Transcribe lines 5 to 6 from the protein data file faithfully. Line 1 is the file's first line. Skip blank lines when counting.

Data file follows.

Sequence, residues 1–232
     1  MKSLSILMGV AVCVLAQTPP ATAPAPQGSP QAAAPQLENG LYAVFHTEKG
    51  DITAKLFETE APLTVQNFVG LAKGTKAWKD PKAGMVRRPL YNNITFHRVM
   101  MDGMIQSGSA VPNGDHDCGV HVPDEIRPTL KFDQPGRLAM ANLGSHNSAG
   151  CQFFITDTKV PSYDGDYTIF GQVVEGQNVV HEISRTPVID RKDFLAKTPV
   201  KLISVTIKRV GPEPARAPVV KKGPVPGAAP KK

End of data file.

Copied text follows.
   151  CQFFITDTKV PSYDGDYTIF GQVVEGQNVV HEISRTPVID RKDFLAKTPV
   201  KLISVTIKRV GPEPARAPVV KKGPVPGAAP KK